The Supreme Court is scheduled to hold a public session Friday to hear arguments against President Joe Biden’s vaccine mandate rules.
Biden announced two policies in 2021 that affect almost 100 million workers. The first policy is a vaccine and testing rule for private businesses with 100+ employees. The second policy is a vaccine mandate for any health care worker operating out of a facility that receives Medicaid and Medicare funding, except for those who qualify for religious and medical exemptions. The policies were announced in November but lawsuits have delayed enforcement.
The White House has maintained the mandates’ legality, with the administration continuing to push businesses to implement the vaccine and testing rule. White House press secretary Jen Psaki said in a statement Thursday evening that the policies “are critical to our nation’s COVID-19 response.”
“Unvaccinated Americans continue to face a real threat of severe illness and death — including from Omicron,” Psaki said. “The OSHA [Occupational Safety and Health Administration] rule ensures that employers are protecting their employees by encouraging workers to get vaccinated and requiring unvaccinated workers to mask and test. The CMS [Centers for Medicare & Medicaid Services] healthcare rule protects vulnerable patients by requiring that covered healthcare providers get vaccinated. The need and the urgency for these policies are greater than ever, and we are confident in the legal authority for both policies.”
The Supreme Court will first hear arguments surrounding the vaccine or testing mandate for private businesses, which Biden announced in September and OSHA issued rules on in November. The United States Court of Appeals for the Fifth Circuit issued a temporary halt of this OSHA rule on Nov. 6. While it was upheld by the court on Nov. 12, the Sixth Circuit Court of Appeals overturned the ruling in December.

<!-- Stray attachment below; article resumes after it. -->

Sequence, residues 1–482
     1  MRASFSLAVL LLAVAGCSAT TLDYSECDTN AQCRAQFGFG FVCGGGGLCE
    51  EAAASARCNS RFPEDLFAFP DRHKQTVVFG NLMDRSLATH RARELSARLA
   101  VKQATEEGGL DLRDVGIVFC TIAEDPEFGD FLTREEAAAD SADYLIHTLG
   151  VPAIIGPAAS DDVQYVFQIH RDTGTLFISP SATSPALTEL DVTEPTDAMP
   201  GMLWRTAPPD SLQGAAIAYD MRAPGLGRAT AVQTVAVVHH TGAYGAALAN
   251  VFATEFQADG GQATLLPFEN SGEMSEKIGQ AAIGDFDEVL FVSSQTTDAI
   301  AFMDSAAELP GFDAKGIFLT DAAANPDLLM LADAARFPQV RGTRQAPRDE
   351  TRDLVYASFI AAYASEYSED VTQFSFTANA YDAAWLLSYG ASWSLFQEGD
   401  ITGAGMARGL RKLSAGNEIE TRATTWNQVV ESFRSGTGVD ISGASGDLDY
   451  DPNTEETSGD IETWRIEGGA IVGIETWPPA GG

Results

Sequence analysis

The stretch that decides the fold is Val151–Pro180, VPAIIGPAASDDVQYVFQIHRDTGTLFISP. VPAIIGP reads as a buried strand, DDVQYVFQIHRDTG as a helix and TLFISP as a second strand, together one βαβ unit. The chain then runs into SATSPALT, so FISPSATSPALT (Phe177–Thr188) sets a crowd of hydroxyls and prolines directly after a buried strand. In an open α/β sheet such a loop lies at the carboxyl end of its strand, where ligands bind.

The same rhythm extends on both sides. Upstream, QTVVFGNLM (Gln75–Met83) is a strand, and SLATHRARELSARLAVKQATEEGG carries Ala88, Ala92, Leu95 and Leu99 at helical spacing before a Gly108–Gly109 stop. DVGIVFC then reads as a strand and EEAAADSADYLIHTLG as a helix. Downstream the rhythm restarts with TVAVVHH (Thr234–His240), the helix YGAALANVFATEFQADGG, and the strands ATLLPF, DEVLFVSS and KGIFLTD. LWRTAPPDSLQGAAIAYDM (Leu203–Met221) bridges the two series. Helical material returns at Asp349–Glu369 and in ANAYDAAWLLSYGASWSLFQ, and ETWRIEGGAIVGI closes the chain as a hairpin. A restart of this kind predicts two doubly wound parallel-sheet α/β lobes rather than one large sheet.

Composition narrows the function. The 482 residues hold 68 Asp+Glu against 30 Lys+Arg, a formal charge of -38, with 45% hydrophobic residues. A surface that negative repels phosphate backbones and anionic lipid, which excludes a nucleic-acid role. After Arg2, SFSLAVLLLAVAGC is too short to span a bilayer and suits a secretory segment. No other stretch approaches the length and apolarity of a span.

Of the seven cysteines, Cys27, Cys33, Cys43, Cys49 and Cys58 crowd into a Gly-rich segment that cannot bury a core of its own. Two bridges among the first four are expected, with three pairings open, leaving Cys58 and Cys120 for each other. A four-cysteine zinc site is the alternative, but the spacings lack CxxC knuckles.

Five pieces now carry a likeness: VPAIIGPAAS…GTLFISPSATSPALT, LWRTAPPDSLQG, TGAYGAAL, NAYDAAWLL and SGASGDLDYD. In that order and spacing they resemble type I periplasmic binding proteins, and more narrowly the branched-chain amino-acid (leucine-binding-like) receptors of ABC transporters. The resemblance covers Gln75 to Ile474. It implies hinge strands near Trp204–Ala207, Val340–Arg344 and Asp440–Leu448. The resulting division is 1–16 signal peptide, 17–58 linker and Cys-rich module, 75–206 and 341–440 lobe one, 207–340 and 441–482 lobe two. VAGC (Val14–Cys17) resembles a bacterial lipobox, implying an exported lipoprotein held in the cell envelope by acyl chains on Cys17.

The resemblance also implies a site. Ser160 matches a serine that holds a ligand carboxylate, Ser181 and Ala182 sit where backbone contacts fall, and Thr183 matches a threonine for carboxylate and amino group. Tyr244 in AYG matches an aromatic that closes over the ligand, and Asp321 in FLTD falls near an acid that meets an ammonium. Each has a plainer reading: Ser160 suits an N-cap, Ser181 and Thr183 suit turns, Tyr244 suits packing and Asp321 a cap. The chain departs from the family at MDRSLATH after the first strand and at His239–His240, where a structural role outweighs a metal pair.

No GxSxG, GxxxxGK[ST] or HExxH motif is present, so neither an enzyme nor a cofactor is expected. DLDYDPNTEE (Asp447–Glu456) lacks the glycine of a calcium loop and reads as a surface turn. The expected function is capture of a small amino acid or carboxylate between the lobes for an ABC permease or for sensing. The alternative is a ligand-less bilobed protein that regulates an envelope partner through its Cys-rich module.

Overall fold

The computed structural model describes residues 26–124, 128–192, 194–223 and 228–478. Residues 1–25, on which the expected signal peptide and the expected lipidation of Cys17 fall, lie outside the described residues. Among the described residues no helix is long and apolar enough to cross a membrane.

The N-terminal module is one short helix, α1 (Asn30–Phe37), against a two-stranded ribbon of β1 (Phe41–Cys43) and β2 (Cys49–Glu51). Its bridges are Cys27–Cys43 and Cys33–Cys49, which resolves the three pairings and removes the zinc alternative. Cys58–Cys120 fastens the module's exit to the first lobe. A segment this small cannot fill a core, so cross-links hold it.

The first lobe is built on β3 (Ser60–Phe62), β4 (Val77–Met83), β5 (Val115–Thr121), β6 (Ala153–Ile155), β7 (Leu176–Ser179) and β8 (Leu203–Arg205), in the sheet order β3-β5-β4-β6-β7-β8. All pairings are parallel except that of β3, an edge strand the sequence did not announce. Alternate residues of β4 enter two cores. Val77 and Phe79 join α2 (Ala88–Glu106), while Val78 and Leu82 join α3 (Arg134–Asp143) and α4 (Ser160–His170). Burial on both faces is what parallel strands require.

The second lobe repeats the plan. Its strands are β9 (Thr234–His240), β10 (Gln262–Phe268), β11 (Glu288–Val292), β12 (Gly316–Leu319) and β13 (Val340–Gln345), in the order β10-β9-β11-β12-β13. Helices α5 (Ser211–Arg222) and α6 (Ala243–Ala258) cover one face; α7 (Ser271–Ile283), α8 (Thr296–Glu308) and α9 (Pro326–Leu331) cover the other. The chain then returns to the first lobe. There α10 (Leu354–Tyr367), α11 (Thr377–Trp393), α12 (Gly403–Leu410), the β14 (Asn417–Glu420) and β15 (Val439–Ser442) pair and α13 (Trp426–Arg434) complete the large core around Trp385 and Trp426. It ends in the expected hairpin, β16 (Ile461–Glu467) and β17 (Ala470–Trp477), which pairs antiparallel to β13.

The Department of Justice (DOJ) is arguing that OSHA’s ruling is legal because COVID-19 “is both a physically harmful agent and a new hazard” and that unvaccinated employees exposed to it are at the biggest risk of contracting, spreading, and subsequently suffering “serious health consequences.” The DOJ will also argue that the vaccine or testing rule is needed to protect employees from getting COVID-19 through working.
“[T]he nation is facing an unprecedented pandemic that is sickening and killing thousands of workers around the country, and any further delay in the implementation of the Standard will result in unnecessary illness, hospitalizations, and deaths because of workplace exposure to SARS-CoV-2,” the DOJ will argue.
The U.S. Department of Health and Human Services (HHS) Centers for Medicare & Medicaid Services rolled out the second vaccine rule for health care workers in November. This would affect around 17 million workers and has been blocked by two lower courts in 24 states.
According to briefs, the DOJ will argue for this mandate that healthcare centers participating in Medicare and Medicaid have had to comply with rules adopted by the secretary of HHS for a long time. The DOJ also plans to point out that similar vaccine requirements have been adopted by healthcare centers around the U.S.
“[T]he exceptionally urgent need to reduce the risk of COVID-19 exposure for Medicare and Medicaid patients given the anticipated winter surge in infections tips the equities overwhelmingly in favor of a stay,” the DOJ will argue, pointing out the surge in cases in recent weeks due to the Omicron variant.
The justices will be hearing the case “on a rushed basis.” This means a ruling within days.